The third and greatest difficulty besets every individual once he has embarked solidly on the path of moral improvement. For even if the individual hopes that he has indeed adopted a good disposition, and has steadfastly persevered in "conduct conformable to such a disposition", he must still confront the divine righteousness. For the fact remains that "he nevertheless started from evil, and this debt he can by no possibility wipe out."[Rel.66] The moral individual's duty to effect moral conversion arises because he begins with a radically evil disposition. Thus, even if he has achieved a "change of heart", he brings with him to his new moral condition an infinite burden of debt and of guilt. This is not because, as orthodoxy has it, in sinning the individual offends the "infinitude of the Supreme Lawgiver whose authority is violated"[Rel.66], since reason can know nothing of such a transcendent relationship between God and man. Rather, guilt is infinite because radical evil perverts "the disposition and the maxims in general, the universal basic principles rather than particular transgressions."[Rel.66] Furthermore, Kant's moral principles dictate that the debt of sin is a personal one; unlike financial indebtedness, no one else can take over liability for an individual's sins, even if he should wish to do so. Thus, even the morally renewed subject seems to face the prospect of inexpiable personal debt requiring "endless punishment and exclusion from the kingdom of God." [Rel.66]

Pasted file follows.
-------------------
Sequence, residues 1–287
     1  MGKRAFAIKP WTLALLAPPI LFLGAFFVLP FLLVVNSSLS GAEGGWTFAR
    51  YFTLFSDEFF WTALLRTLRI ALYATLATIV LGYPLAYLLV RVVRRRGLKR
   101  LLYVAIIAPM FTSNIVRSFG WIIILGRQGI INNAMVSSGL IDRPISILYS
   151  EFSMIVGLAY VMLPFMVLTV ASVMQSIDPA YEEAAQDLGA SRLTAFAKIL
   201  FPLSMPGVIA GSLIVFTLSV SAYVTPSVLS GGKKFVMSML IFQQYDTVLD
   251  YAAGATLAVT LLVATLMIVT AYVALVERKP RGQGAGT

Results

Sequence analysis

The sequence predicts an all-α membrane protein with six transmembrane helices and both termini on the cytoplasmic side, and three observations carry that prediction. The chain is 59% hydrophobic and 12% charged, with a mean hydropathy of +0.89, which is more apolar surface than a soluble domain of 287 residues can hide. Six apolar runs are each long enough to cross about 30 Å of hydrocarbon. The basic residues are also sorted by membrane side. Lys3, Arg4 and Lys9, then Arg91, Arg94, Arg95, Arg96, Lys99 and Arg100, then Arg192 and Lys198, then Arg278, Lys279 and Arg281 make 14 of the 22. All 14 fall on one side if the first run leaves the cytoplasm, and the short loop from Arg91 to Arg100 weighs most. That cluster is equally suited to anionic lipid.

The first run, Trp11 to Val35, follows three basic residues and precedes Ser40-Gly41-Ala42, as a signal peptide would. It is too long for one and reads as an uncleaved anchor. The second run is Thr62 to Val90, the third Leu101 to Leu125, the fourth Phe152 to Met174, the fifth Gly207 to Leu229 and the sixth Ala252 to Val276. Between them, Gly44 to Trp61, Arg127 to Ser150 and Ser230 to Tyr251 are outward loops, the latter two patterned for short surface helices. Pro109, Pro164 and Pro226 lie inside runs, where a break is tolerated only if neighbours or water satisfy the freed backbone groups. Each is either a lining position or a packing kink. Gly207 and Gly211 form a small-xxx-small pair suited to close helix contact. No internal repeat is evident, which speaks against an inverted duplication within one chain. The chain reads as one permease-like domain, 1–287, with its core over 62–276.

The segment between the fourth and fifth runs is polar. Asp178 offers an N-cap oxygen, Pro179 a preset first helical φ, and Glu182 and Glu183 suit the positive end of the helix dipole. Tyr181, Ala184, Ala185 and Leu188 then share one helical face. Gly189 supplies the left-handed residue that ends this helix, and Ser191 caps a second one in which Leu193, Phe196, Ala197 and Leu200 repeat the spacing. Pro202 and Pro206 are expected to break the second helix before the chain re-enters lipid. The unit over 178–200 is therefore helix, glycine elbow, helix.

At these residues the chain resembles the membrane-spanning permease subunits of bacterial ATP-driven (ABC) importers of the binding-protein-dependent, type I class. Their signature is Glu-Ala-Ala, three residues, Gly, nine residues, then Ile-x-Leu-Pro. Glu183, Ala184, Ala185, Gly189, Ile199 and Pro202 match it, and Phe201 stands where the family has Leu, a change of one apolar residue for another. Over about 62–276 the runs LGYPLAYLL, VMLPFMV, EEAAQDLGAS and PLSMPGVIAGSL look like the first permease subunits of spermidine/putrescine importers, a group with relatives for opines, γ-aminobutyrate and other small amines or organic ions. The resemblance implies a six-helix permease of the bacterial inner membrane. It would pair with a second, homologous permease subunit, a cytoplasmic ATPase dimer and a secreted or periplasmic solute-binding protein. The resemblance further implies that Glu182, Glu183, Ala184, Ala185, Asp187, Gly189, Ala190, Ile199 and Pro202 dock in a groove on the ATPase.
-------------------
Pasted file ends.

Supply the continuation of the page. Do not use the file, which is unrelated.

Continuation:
If the individual cannot both overcome his sinfulness and expiate his moral debt, Kant's entire moral theology is in jeopardy. He must defend the possibility of moral regeneration, since without it radical evil cannot be overcome, and moral life would be futile. Rational morality also demands that the infinite debt be satisfied; yet for a finite agent bearing infinite guilt, adequate personal atonement is rationally inconceivable.